Homemade Elderflower Cordial
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    Makes about 2 litres elderflower cordial/Serves 20–25
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This is one of my most popular recipes from late April to early June. This recipe is easy to use and is a great success every time. If you like foraged and found foods and ingredients then this is what I would class as a recipe for beginners that you can rely on.

Towards the end of April (depending how warm Spring has been), as I drive to work and back, I am usually on the look out for sources of elderflowers, spotting bridle paths and footpaths that lead into fields with hedgerows containing elderberry shrubs/trees, but it all depends on how warm a spring we’ve had as to when the flowers will be ready for picking.

As well as finding a source of fresh elderflowers, you will need to buy the other ingredients required to make the cordial, citric acid being one of those and one that is not always easy to find. Citric acid used to be readily available from most high street chemists, but it is harder to find nowadays. Buying it online is the easiest solution, but make sure you buy it from reputable companies and only buy food-safe citric acid,

There are a few things you should know: you must make sure you identify the shrub as elderflower and do not pick something that is potentially poisonous, wash the flowers well, only pick elderflowers from shoulder height upwards (avoid dog’s height) and I always choose shrubs way from the road (avoid road pollution).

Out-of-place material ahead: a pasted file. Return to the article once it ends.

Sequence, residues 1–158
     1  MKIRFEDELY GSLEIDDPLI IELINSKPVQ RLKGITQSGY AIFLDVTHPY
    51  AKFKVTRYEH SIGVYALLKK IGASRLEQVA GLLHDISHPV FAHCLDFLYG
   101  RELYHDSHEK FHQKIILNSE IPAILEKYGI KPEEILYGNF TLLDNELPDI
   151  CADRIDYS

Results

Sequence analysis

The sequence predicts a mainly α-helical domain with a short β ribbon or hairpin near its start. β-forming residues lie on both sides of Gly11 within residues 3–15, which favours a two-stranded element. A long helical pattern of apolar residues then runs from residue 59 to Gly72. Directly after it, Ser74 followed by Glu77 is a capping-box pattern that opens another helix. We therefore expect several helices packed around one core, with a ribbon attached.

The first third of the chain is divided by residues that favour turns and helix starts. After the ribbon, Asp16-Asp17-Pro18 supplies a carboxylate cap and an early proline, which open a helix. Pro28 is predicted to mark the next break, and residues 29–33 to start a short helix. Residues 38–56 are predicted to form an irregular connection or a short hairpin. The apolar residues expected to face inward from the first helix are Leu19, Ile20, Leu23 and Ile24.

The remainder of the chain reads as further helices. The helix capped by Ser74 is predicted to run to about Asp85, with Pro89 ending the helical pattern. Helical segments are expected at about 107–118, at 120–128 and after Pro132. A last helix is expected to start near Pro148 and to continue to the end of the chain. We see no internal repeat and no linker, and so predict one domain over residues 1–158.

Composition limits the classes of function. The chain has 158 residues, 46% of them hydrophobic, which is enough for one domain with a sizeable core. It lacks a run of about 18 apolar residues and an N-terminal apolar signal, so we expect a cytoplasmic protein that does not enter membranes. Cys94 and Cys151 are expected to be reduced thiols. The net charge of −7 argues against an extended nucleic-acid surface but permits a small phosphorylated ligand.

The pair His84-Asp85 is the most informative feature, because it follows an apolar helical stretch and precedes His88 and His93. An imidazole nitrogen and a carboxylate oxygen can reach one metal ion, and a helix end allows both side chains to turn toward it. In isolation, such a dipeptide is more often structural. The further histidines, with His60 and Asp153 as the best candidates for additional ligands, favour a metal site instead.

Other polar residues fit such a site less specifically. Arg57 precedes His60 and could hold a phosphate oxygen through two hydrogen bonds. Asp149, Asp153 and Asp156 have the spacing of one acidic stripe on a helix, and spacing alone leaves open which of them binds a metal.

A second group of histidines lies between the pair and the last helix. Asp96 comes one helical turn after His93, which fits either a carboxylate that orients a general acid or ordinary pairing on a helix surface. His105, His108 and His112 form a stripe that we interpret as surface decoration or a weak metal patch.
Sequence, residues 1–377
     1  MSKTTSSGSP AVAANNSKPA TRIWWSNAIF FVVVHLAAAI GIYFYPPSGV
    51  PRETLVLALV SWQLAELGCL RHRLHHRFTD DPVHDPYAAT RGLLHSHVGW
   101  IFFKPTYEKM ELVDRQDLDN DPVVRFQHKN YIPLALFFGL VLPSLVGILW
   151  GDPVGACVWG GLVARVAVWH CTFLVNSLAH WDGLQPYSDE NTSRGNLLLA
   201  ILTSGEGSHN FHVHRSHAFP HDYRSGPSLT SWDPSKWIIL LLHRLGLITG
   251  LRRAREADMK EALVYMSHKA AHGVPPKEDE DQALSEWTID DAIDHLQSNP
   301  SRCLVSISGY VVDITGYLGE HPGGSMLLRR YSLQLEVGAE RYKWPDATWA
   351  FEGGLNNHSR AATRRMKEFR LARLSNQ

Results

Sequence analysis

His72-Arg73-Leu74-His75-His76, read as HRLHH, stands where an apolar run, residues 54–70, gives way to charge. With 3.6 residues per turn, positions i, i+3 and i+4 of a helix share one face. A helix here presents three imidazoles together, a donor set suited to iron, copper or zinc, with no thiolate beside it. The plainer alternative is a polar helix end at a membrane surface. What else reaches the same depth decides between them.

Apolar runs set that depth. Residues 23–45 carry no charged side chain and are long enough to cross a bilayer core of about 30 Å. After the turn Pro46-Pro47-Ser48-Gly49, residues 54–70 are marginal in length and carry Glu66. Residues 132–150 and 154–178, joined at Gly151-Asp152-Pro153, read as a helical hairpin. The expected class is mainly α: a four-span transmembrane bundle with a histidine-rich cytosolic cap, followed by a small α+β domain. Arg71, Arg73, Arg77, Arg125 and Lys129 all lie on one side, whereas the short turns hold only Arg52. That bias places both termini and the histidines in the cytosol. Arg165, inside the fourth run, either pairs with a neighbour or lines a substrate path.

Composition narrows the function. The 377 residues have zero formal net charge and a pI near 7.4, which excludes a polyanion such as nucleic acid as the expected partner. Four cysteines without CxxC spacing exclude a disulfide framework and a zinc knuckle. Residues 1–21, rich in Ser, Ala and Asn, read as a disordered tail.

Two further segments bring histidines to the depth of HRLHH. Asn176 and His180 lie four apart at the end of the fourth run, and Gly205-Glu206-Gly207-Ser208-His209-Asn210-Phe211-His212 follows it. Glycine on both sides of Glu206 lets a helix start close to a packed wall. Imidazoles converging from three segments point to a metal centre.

photo of Photo of ElderflowerPhoto of Elderflower Cordial

Ingredients & Method

  • 1.1 litres cold water
  • 900g caster sugar
  • 2 lemons
  • 2 limes
  • 250g freshly picked elderflowers
  • 50g citric acid

Pour the water into a large saucepan and bring it to the boil over a high heat, then reduce the heat and simmer for 30 seconds. Remove from the heat and pour the boiling water over the sugar in a large mixing bowl. Stir to dissolve the sugar. Wash the lemons and limes and cut into quarters, then add them to the hot syrup. Set aside and leave to cool completely.

Meanwhile, pick over the elderflowers and remove any dead bits and leaves. Place the elderflowers in a colander and wash under cold running water. Let the elderflowers drain while the syrup cools.photo of Photo of Elderflower

Add the elderflowers and citric acid to the cooled syrup mixture and stir to mix. Place a piece of cling film directly on the surface of the mixture and place in the fridge. Leave the cordial to infuse in the fridge for 48 hours, stirring a couple of times during this period.photo of Photo of Elderflower

Pass the cordial through a fine sieve and pour into sterilised bottles, then seal. Keep refrigerated and use within 6 weeks. To serve, dilute the cordial with either chilled sparkling, still or soda water and serve in tall glasses with plenty of ice. Alternatively, add a dash of cordial to champagne for a refreshing champagne cocktail.

Cook’s Notes

If you add the elderflowers to the syrup while it’s still boiling hot, you will scorch the flowers and it will change the taste and colour of the cordial. I have made this mistake in the past and the end result is not pleasant.

Instead of keeping the cordial in bottles in the fridge, you can pour the cordial into ice cube trays and freeze, then simply defrost and dilute as needed. The frozen cubes of cordial will keep in the freezer for up to 3 months.